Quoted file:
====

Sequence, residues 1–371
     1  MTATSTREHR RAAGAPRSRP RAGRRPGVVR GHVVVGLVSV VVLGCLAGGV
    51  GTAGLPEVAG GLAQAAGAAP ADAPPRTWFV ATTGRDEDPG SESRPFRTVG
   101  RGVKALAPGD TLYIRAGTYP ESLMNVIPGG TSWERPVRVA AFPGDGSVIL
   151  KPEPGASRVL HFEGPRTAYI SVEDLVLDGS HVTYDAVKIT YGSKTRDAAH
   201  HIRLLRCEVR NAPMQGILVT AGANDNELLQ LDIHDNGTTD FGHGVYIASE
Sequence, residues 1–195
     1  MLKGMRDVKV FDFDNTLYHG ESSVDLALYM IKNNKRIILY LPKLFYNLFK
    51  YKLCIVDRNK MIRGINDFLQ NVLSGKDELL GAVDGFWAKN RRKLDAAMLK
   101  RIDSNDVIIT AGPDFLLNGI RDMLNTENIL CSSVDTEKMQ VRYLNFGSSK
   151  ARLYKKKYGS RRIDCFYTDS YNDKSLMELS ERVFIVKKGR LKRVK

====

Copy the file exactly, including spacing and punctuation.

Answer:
Sequence, residues 1–371
     1  MTATSTREHR RAAGAPRSRP RAGRRPGVVR GHVVVGLVSV VVLGCLAGGV
    51  GTAGLPEVAG GLAQAAGAAP ADAPPRTWFV ATTGRDEDPG SESRPFRTVG
   101  RGVKALAPGD TLYIRAGTYP ESLMNVIPGG TSWERPVRVA AFPGDGSVIL
   151  KPEPGASRVL HFEGPRTAYI SVEDLVLDGS HVTYDAVKIT YGSKTRDAAH
   201  HIRLLRCEVR NAPMQGILVT AGANDNELLQ LDIHDNGTTD FGHGVYIASE
Sequence, residues 1–195
     1  MLKGMRDVKV FDFDNTLYHG ESSVDLALYM IKNNKRIILY LPKLFYNLFK
    51  YKLCIVDRNK MIRGINDFLQ NVLSGKDELL GAVDGFWAKN RRKLDAAMLK
   101  RIDSNDVIIT AGPDFLLNGI RDMLNTENIL CSSVDTEKMQ VRYLNFGSSK
   151  ARLYKKKYGS RRIDCFYTDS YNDKSLMELS ERVFIVKKGR LKRVK